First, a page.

PERKINS v. MISSISSIPPI DEPARTMENT OF HUMAN SERVICES

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Supreme Court of Mississippi.

Charlotte PERKINS v. MISSISSIPPI DEPARTMENT OF HUMAN SERVICES.

No. 2013–CA–00736–SCT.

Decided: August 21, 2014

Before DICKINSON, P.J., PIERCE and COLEMAN, JJ. Alexander J. Simpson, III, attorney for appellant. Office of the Attorney General by Greta D. Mack Harris, Denita N. Smith, attorneys for appellee.

¶ 1. Charlotte Perkins appeals the Monroe County Circuit Court's decision to dismiss, for lack of jurisdiction, her appeal to the circuit court claiming that the Mississippi Department of Human Services (DHS) wrongly deprived her of receiving “food stamps” and that such deprivation was the result of a DHS hearing in which Perkins was deprived of procedural safeguards. As the circuit court found, no statutory authority creates a right of appeal to the circuit court from an administrative decision by DHS regarding food-stamp qualification(s) or disqualification(s). Accordingly, the circuit court was correct in dismissing the case for lack of jurisdiction. Mississippi caselaw provides, however, that where there is no statutory scheme for appeal from an agency decision and the injured party does not have a full, plain, complete and adequate remedy at law, the chancery court has jurisdiction for judicial review of the agency decision. Accordingly, we reverse this case and remand it with instructions to the circuit court to transfer the case to the Monroe County Chancery Court.

FACTS

¶ 2. On June 14, 2010, DHS held a hearing to determine if Perkins had committed an Intentional Program Violation (IPV) of the Supplemental Nutritional Assistance Program (SNAP). At the conclusion of the hearing, the hearing officer determined that Perkins should be disqualified from receiving SNAP benefits for a prescribed period of time.1 Perkins thereafter filed a “Notice of Appeal” in the Monroe County Circuit Court alleging that her due process rights had been violated. Specifically, Perkins contended that DHS's decision was not supported by clear and convincing evidence as required by federal law and DHS should be enjoined from conducting any further administrative hearings in IPV cases until it demonstrates it is able to conduct such hearings properly, before an impartial hearing officer, with appropriate procedural safeguards in place to protect claimants' due process rights.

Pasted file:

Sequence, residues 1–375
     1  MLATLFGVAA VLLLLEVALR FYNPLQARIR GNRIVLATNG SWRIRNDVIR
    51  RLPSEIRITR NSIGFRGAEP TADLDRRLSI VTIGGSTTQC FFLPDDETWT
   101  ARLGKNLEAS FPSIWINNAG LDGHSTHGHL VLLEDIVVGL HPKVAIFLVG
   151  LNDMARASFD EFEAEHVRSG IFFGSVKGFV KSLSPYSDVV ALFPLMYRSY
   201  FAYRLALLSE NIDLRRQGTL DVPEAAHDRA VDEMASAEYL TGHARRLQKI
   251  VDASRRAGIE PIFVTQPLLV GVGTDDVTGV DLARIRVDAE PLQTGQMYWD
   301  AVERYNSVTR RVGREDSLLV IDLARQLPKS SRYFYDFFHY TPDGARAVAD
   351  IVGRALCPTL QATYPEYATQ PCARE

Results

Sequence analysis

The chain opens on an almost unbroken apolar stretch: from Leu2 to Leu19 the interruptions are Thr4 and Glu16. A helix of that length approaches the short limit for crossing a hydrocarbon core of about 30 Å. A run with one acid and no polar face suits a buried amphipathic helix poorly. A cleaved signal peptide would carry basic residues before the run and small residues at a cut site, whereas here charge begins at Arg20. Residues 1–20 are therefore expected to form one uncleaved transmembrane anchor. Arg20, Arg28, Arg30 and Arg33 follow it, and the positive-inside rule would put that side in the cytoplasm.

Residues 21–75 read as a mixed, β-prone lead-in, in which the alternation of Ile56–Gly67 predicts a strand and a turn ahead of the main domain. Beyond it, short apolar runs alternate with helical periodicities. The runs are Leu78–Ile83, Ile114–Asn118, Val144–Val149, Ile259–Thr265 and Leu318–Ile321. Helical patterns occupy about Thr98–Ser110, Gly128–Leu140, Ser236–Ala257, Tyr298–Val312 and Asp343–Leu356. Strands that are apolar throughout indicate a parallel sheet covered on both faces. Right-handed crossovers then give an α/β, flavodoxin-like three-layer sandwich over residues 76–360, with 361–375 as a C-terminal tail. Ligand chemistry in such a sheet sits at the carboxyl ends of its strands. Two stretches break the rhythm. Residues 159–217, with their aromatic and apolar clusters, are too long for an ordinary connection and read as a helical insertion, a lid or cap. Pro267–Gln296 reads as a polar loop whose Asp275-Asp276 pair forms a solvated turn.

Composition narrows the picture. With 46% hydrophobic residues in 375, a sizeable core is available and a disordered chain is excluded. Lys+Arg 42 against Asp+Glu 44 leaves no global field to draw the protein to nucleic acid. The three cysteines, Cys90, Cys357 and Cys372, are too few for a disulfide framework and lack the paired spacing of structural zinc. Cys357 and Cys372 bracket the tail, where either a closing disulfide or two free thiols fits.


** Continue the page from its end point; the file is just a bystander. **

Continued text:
¶ 3. The circuit court issued an order on April 5, 2013, dismissing Perkins's appeal to the circuit court for lack of jurisdiction. The circuit court found that there is no specific statutory authority giving Perkins the right to appeal DHS's decision; thus, the court was without jurisdiction to consider the matter on appeal.

¶ 4. Perkins appeals to this Court with the following issue: Whether the circuit court erred by finding that it lacked jurisdiction to hear Perkins's appeal of her disqualification from the food-stamps program after an administrative finding that she was guilty of an IPV.

DISCUSSION

¶ 5. We agree with the circuit court that there is no statutory mechanism in this state providing for judicial review of a DHS administrative decision regarding its food-stamp program or (SNAP). In Charter Medical Corp. v. Mississippi Health Planning & Development Agency, 362 So.2d 180, 181 (Miss.1978), we stated that, where there is no statutory scheme for appeal from an agency decision and the injured party does not have a full, plain, complete and adequate remedy at law, the chancery court has jurisdiction for judicial review of the agency decision. Charter relied on this Court's decision in Board of Veterinary Examiners v. Sistrunk, 218 Miss. 342, 347, 67 So.2d 378, 380–81 (1953), where we held the following: